World War III Has Started
The New War
The Holographic Universe
The Truth about WAR
The Embrace of Love
It's about oil, and profits for US companies
BUSH & KERRY
February 6 2003
I agree with Nelson Mandela. George Bush is a malevolent fool who is going to create unnecessary misery for the whole world.
But having said that, he is the representative of the dominant forces within the United States polity who are highly intelligent, have a clear view of what they want and how to get it and, I assume, genuinely believe what they are doing is in America's long-term interests.
In a nutshell, what they want is control of (not access to) Middle East oil in order to exert maximum leverage over Europe and Japan; and the destruction of OPEC as an effective cartel by replacing Saudi Arabia with Iraq as the swing producer to control world oil supply and prices.
This will allow the US to continue its profligate consumption of low-cost oil while giving it the freedom to deal with the seat of September 11 terrorism - which is in Saudi Arabia, not Iraq - without causing a global oil supply crisis.
At the same time, it will give the US access to oil reserves whose value is beyond the dreams of avarice for the mainly US-owned oil multinationals, who will once again vertically integrate the oil industry by retaking control of upstream activities from producer governments. At least that's the theory.
The US National Security Strategy released last September said that under the Bush Administration the military doctrine of "deterrence" would be replaced by the doctrine of "pre-emption", which means, in the case of Iraq, the policy of "containment" under United Nations authority is to be replaced by "proactive counter-proliferation".
At this stage the only constraint on this plan is US public opinion which, like public opinion in the rest of the Western world, is extremely reluctant to support a US or US-led invasion of Iraq without UN backing. Worldwide, public opinion is concerned that the war is about oil, not liberation. It is one thing for allied soldiers to die for freedom, it is quite another for soldiers and civilians to die to underwrite the profits of multinational oil companies.
Apologists for invasion or the threat of invasion have been at pains to argue that if the US wanted, there would be no problem about access to Iraqi oil, almost certainly at a price below the world price for most of the past decade.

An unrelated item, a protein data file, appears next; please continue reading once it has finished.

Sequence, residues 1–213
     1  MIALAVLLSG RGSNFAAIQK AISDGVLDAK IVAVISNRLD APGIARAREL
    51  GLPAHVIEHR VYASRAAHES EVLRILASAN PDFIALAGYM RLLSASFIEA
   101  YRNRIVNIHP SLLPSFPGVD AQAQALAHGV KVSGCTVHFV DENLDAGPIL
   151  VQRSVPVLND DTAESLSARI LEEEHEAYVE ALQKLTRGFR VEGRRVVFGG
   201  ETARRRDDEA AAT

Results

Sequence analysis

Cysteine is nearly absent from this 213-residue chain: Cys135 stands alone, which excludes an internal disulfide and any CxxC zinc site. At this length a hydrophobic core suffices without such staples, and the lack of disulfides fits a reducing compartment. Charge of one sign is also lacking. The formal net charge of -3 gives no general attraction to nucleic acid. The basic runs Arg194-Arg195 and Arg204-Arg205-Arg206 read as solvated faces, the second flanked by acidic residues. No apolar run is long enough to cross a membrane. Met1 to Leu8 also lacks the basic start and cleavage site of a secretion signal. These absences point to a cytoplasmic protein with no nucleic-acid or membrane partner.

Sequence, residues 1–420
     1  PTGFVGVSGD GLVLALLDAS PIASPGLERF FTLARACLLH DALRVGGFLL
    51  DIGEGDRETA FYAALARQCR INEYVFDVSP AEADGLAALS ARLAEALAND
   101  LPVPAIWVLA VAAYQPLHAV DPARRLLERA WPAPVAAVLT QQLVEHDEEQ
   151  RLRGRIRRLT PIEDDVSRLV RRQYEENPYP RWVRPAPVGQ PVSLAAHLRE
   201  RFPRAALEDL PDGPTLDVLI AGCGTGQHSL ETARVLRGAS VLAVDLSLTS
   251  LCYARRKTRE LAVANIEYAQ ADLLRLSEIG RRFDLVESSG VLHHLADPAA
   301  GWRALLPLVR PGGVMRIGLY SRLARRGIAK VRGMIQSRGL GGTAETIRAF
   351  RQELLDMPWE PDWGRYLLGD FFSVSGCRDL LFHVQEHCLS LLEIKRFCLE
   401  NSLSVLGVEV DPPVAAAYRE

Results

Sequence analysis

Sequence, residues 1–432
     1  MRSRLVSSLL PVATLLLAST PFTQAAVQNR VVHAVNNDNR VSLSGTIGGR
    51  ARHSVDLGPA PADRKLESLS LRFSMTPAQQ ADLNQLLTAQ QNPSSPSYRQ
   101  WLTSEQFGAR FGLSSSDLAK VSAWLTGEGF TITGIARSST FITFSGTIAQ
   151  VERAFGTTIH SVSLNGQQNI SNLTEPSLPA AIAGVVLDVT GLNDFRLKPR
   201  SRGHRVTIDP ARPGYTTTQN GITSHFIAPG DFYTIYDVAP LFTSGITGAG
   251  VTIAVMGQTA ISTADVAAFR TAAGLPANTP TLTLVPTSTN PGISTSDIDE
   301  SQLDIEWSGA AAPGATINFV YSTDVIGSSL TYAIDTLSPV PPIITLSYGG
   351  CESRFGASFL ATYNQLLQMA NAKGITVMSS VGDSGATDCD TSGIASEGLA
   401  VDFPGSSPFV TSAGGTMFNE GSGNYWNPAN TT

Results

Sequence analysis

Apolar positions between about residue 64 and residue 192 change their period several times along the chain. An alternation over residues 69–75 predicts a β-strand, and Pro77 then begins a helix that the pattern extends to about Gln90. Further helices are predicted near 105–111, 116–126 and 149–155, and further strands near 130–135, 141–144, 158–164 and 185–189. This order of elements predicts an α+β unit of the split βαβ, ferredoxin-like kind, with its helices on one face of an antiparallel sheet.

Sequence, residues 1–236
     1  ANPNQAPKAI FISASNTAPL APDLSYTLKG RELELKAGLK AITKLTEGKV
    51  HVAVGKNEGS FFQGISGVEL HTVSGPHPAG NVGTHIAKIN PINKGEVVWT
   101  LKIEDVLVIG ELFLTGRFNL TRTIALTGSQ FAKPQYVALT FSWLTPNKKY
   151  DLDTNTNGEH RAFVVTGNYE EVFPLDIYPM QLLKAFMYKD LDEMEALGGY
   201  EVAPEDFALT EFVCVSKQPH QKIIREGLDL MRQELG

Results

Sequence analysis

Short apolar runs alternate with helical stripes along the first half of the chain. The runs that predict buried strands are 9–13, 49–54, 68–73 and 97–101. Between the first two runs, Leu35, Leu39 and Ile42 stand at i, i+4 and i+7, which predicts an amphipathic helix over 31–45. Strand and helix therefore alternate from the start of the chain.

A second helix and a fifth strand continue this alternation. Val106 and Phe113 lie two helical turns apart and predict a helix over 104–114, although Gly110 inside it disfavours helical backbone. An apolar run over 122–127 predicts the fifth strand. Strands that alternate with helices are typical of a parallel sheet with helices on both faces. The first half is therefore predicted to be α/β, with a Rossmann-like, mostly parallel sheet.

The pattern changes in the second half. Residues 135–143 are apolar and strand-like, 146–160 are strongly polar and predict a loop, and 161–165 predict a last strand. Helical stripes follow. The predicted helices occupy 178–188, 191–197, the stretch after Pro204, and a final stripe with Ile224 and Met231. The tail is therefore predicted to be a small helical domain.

Precisely. This would mean equal access for all. It would have also meant that French, German, Russian, Japanese and Chinese oil producers would have had direct access to the development of the massive Iraqi deposits and, at the very least, this would have given these countries a strategic economic independence from US.
The US interest in the Middle East is to tighten its grip on the region's oil, which gives it a veto over the industrial development of Europe, Russia and Japan.
Russia has oil, but it costs a lot to produce. Exploration and production costs are about $US10-$12 a barrel in most areas outside the Middle East, compared to about $US1 a barrel in the Middle East.
Unless OPEC can keep prices around $US18-$20 a barrel or Russia can keep its concession in Iraq, which it has negotiated with Saddam Hussein, Russia is likely to plunge into deep recession, given its dependence on oil for tax revenue and foreign exchange earnings.
According to a report published last week by the Worldwatch Institute, Iraq has failed in its gamble to get the UN to drop sanctions against Iraqi oil exports by offering concessions to France, Russia and China due to determined US and British opposition.
According to Worldwatch: "In the preface to the passage of the Security Council resolution 1441, there were thinly veiled threats that French, Russian and Chinese firms would be excluded from any future oil concessions in Iraq unless Paris, Moscow and Beijing supported the Bush policy of regime change."
Ahmed Chalabi, leader of the exiled opposition Iraqi National Congress, which is financed in part by US oil companies, has said he would not feel bound by contracts signed by Saddam and that "American companies will have a big shot at Iraqi oil" under a new regime.
The stakes are beyond imagination. According to a report for the Global Policy Forum, a think tank with consultative status at the UN, based on conservative assumptions of oil prices of $US25 a barrel and reserves of 250 billion barrels and a 50-50 profit split, yearly profits for the oil companies would run to $US29 billion a year - which is two-thirds of the $44 billion profits earned by the world's five major oil companies combined in 2001.
The costs are also beyond comprehension, but trivial compared to the prize, which is control of prospective oil fields capable of producing more than $US3000 billion of oil.
The last Gulf war cost America $US80 billion. George Bush senior was able to charge $62 billion of the cost to Saudi Arabia, Kuwait and Japan. The National Economic Council calculates Gulf War II could cost $US100-$200 billion depending on whether it lasts a few days or a few more days.
A study for the American Academy of Arts and Science agrees, but has developed a worst-case scenario in which the war spreads throughout the Middle East, which puts the cost at up to $US1900 billion.
It is a fair bet that whether best or worst-case scenarios eventuate, the real costs will not be paid by the US and European oil and armaments industries, which stand to gain most from an invasion of Iraq.
Kenneth Davidson is a staff columnist.
This story was found at: http://www.theage.com.au/articles/2003/02/05/1044318666539.html